In honor of the 125th anniversary of Musil’s birth, please see wood s lot’s Musil Feature with many fantastic quotes.

Many have made the criticism that Musil is too analytical and too detached to have the sort of resonance of a Proust or a Joyce. These quotes as much as anything show that he was anything but; he looked to integrate emotion (or “soul,” his preferred term–is it Seele, pica?) into every aspect of intellectual inquiry, with varing results. I suspect this accounted for his irascible nature as much as his unique genius.

In honor of his birthday I quote some of the best advice ever received:

Few people in mid-life really know how they got to be what they are, how they came by their pastimes, their outlook, their wife, their character, profession, and successes, but they have the feeling that from this point on nothing much can change. It might even be fair to say that they were tricked, since nowhere is a sufficient reason to be found why everything should have turned out the way it did; it could just as well have turned out differently; whatever happened was least of all their own doing but depended mostly on all sorts of circumstances, on moods, the life and death of quite different people; those events converged on one, so to speak, only at a given point in time. In their youth, life lay ahead of them like an inexhaustible morning, full of possibilities and emptiness on all sides, but already by noon something is suddenly there that may claim to be their own life yet whose appearing is as surprising, all in all, as if a person had suddenly materialized with whom one had been corresponding for some twenty years without meeting and whom one had imagined quite differently.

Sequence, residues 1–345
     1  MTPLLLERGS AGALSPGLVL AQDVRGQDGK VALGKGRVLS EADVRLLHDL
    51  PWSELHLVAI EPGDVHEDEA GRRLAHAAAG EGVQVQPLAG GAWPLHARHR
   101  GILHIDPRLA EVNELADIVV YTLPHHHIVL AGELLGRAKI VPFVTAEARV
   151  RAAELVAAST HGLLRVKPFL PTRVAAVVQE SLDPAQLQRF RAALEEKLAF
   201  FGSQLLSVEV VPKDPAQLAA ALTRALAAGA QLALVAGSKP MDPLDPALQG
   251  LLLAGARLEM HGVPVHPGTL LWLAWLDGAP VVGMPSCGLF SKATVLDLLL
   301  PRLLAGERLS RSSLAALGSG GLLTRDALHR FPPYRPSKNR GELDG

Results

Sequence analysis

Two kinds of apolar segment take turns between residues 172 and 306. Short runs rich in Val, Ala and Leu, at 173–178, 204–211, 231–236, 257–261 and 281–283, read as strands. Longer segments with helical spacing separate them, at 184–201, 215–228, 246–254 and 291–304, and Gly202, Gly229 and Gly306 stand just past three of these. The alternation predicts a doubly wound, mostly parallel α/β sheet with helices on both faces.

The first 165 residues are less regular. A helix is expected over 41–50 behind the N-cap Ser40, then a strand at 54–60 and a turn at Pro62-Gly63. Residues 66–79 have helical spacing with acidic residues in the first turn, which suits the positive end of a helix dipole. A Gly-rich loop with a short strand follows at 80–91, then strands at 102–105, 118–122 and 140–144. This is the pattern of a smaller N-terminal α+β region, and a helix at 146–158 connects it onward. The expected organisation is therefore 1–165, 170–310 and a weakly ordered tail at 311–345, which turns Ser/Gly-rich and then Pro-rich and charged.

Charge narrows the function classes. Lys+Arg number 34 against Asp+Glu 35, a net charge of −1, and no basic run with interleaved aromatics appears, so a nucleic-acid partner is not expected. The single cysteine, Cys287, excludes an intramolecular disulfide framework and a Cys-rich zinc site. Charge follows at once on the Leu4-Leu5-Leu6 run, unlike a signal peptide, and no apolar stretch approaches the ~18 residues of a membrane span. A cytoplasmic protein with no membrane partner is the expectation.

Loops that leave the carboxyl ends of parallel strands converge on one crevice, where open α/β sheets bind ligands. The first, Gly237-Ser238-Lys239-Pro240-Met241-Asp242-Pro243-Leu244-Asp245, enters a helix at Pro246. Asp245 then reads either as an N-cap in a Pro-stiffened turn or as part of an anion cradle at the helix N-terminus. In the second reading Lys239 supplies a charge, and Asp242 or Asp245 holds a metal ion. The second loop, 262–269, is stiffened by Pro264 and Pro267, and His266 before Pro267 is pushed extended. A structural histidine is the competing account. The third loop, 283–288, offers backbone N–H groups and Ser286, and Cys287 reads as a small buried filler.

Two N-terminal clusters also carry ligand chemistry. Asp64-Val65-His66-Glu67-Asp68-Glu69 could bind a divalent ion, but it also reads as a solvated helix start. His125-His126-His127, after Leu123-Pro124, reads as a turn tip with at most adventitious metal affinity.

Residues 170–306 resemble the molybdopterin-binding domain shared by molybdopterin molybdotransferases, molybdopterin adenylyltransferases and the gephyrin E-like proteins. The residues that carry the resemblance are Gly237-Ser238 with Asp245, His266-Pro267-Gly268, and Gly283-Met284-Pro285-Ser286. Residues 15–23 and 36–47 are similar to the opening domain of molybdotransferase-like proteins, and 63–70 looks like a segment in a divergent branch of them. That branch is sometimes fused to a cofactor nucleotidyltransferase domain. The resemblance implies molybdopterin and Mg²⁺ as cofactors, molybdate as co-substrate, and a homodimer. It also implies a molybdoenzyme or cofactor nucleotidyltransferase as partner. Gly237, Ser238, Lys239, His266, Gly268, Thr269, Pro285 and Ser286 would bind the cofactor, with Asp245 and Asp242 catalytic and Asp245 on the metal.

The Man Without Qualities